Grotto #6, the first of the grottoes after the entrance, shows indications in the form of post holes and the like that, even before it became the home of a certain revolutionary and his wife in the 1930s, it had probably already existed as a half natural/half constructed structure. It's not really all that interesting in and of itself but I've not had the opportunity to go into very many actually dug-into-hillside yaodong and I manage to find it interesting.

Grotto #5 is famous for being the site of the first Xinhua Bookstore and has displays on that topic. That it also has thousand year old carvings (many of which are in good condition) is more or less an afterthought though to the displays and info boards all about the far more interesting and important fact that this was where Xinhua Bookstore was founded in the 1930s. I spend a substantial amount of time in Grotto #5 as, despite there still being four more grottoes for me to visit, I'm reasonably sure that the site is going to live up to my low expectations.

Grotto #3, which is locked, and right next to Grotto #4, does in fact live up to my low expectations. Although the outside is a wonderful faux building of the sort that tells us a great deal about the architecture of the era in regions of China where the architecture was actually made of wood rather than being dug into a hillside, the inside is bare stone and randomly stored junk that someone hasn't bothered to throw away yet.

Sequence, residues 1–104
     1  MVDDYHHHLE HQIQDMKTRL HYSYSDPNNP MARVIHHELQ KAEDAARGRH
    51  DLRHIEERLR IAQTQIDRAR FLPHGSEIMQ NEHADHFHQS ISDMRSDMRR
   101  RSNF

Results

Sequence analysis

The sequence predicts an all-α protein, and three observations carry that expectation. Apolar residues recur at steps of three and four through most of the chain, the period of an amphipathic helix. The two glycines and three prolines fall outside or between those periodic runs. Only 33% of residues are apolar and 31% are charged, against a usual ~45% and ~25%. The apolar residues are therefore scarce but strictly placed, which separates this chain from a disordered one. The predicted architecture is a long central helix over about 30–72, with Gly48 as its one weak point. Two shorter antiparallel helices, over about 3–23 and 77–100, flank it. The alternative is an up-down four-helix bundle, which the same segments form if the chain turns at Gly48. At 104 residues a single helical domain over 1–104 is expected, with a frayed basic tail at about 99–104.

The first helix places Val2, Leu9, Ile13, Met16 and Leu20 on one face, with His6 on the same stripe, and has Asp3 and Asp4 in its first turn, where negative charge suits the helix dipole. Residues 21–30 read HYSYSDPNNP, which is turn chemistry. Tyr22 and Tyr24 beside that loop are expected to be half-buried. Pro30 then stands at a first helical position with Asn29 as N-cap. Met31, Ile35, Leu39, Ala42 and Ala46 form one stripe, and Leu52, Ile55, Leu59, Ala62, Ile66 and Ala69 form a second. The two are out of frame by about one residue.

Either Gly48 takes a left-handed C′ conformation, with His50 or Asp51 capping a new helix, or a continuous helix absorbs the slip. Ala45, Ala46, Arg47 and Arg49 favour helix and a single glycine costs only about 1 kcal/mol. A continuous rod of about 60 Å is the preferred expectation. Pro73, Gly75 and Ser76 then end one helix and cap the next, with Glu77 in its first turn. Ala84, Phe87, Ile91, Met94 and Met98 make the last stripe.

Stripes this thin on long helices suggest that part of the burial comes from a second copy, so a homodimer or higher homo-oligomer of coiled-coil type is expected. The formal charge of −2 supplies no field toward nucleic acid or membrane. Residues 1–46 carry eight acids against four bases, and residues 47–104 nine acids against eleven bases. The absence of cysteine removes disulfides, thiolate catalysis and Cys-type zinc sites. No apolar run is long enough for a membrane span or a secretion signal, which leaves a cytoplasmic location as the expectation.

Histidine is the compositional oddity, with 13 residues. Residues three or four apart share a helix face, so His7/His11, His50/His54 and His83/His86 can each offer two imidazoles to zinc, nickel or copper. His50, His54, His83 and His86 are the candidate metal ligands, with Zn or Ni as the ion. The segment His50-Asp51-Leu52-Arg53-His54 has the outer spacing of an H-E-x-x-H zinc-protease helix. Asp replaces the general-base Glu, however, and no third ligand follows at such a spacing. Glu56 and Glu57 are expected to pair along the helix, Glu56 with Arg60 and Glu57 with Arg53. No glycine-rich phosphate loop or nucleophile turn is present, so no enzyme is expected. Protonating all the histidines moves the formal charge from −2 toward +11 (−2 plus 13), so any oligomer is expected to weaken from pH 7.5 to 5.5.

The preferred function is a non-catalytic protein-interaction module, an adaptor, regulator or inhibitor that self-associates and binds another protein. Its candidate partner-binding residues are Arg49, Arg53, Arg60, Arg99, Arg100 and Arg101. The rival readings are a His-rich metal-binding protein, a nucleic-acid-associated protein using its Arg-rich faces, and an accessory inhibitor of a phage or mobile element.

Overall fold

Grotto #4, on the other hand, wow. I start with being impressed by the statuary on the outside of the grotto. It's mostly just little niches with three or five figures that are probably Buddha plus two attendants or Guanyin plus two attendants. However, because the local stone is soft and presumably sandstone, years of wind and rain have melted the statuary into lumps that are barely recognizable as having once been human forms. As my friend David said when watching one of my videos "I probably would have said something about how this 'perfectly illustrates the Buddhist concept of the impermanence of worldly things' but your 'wow, wow, wow, wow' also does a pretty good job of getting the point across.